The Peace Hospice Bereavement team offers a wide range of support, free of charge, to anyone who has been bereaved within Hertfordshire regardless of whether or not they have visited the Peace Hospice.
This service has been awarded 'Any Qualified Provider' status.
The following services are available for adults, children and young people:
This service is provided by a team of qualified and accredited bereavement counsellors.
Initially 8 x 50 minute individual sessions will be offered.
Bereavement support volunteers
This service is provided by a team of volunteers trained in bereavement support. One to one or group sessions for on-going support are available.
Bereavement support group
The aim of the group is to give people an opportunity to meet others who have been bereaved, to share experiences and to offer mutual support. It is hosted by trained staff and volunteers in a relaxed and supportive environment. The group meets on the third Thursday of each month at the Peace Hospice.
If it becomes clear that family relationships are being affected by the bereavement, family group support is available from family specialist accredited bereavement counsellors.
Children and young people
STARS is a specially designed grief programme for children aged 5 - 12 years and their carers. The six session programme provides bereaved children and their carers the chance to meet others who have also experienced a death. STARS helps families to find ways of expressing themselves and holding onto memories. Sessions are run in small groups of up to eight children both at the Peace Hospice and in Borehamwood.
A teen bereavement group meets at the Peace Hospice at 7pm on the first Wednesday of each month. This group gives the chance for bereaved teenagers (aged 13 - 18) to come together and share their experiences with others who have had somebody important in their lives die. It is facilitated by experienced counsellors.
Bereavement Counselling for Children and Young People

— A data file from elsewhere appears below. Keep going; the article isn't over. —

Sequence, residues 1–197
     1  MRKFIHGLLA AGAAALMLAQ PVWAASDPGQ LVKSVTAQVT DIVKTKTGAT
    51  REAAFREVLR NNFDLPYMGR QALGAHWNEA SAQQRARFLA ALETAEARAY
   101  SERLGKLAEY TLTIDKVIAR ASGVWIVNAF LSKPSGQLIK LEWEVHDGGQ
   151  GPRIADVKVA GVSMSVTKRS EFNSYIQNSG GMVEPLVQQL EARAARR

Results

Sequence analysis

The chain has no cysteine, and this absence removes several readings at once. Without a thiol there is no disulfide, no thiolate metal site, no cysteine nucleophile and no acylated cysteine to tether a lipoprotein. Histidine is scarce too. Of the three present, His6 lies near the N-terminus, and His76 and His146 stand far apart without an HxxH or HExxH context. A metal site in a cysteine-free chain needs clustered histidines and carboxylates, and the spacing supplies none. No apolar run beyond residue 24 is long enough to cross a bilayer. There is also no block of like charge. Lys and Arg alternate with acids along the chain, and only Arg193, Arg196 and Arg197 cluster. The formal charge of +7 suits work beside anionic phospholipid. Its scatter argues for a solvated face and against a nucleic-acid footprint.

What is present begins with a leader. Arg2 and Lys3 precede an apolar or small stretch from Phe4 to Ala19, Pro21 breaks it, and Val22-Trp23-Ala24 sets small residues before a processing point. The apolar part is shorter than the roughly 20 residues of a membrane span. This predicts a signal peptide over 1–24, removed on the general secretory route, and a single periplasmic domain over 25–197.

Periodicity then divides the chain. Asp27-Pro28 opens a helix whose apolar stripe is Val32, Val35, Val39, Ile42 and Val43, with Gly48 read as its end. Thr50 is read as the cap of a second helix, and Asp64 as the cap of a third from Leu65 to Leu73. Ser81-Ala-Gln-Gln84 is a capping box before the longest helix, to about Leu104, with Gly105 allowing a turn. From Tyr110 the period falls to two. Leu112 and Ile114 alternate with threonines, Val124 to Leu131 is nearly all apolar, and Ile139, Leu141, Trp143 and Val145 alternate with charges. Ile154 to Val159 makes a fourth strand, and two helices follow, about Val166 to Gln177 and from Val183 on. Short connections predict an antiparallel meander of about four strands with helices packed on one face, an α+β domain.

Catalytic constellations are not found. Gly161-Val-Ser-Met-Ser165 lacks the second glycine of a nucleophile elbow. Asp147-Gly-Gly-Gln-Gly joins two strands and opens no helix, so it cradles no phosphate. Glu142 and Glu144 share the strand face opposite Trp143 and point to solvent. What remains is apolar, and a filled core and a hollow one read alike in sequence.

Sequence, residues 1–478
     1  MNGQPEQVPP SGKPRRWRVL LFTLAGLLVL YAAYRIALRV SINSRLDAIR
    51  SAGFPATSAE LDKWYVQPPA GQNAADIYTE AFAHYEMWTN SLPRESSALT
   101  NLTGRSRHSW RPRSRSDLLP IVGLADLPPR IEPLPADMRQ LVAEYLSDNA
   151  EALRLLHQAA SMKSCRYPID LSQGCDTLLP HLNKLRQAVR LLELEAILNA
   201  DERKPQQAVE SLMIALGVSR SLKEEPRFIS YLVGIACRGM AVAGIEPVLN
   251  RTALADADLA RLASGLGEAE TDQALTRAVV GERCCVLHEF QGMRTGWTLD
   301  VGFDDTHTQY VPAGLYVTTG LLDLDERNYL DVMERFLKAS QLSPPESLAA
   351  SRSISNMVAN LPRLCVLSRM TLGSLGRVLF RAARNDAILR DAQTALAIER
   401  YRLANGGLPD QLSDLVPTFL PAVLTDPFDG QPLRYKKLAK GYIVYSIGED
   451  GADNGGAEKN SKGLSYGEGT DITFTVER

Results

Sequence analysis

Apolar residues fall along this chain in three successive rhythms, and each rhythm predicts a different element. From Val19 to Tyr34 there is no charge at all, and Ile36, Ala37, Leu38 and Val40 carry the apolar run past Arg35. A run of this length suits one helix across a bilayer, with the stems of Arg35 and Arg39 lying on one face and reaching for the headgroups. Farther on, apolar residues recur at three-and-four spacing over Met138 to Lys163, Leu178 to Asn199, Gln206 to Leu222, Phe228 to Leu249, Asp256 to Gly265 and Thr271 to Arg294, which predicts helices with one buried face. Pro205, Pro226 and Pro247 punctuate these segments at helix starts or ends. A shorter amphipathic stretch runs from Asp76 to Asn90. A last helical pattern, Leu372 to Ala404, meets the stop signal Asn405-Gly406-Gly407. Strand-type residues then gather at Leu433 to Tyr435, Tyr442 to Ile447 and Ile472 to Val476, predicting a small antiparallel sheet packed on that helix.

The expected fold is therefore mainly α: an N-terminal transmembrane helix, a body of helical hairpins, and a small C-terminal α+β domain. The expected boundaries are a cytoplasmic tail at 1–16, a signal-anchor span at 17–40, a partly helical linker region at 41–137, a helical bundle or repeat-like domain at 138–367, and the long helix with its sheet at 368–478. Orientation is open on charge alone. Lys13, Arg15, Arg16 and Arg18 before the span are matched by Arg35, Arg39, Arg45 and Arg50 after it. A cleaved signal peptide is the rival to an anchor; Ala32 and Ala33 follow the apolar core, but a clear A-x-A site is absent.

Individual bereavement counselling is available with qualified counsellors who have additional training and experience of working with children and young people.
Social groups and practical workshops
The Doves Club offers an opportunity to meet with other bereaved people. Meetings are held on the third Tuesday of the month, over lunch in a local pub. We also offer some practical workshops in areas of life skills, finance and cookery.
Education programme for schools
We offer free bereavement training to school staff to help them feel comfortable when talking about death and dying and will help to put procedures in place when a death affects a pupil, the whole school or a staff member.
How to make a referral
You can self-refer by calling the Bereavement Office on 01923 229595 or Healthcare Professionals can download a Referral Form from this website.
What happens next?
Once a referral is received the Bereavement Coordination team will aim to contact you within 20 days to arrange a meeting or telephone discussion. If you need to talk to us please call the Bereavement Office on 01923 229595.
In an emergency please contact your GP. Should you feel the need to talk to someone outside of office hours the Samarians are available 24 hours a day on 08457 909090.
Understanding Bereavement (pdf)
Is Mummy coming home? (pdf) - Dealing with loss in early years
STARS (pdf) - A grief programme for children and their carers
Stepping Stones (pdf) - Confidential support for teenages and young adults
You may be unable to accept the fact of death. There may be feelings of numbness, panic, anger or unreality. It can last a short time - hours, days or even weeks.
Facing the fact of loss
After the funeral feelings of loss and loneliness may strike. Sleep can be disrupted by vivid dreams and wakefulness. You may find yourself searching for the dead person or even thinking that you hear or see them. You are not going mad - it is a common experience. You may experience intense sadness or yearning, guilt, panic, fear, self pity or anger directed at yourself or others.
You may now have accepted the loss of the old way of life, but feel unable to replace it with anything new. Sadness and aimlessness can make the easiest tasks an effort. You may neglect your home, forget to prepare proper meals and avoid going out. You may go to the other extreme, wanting to go out all the time, over-eat, smoke or drink too much or become excessively tidy.
Despair and depression
If the period of disorganisation is left unresolved, you may give up in despair and become more depressed. Adequate support can help ease, shorten or even prevent this stage developing.
Reorganisation and recovery
With time, the pain of grieving lessens. You are building a new identity and finding a new purpose in life. It is important to renew old pursuits and try to take up new ones. You may feel your energy returning and begin to enjoy living again. This isn't disloyal to the person who died, what happened in the past will always part of you but should not stop you enjoying the present.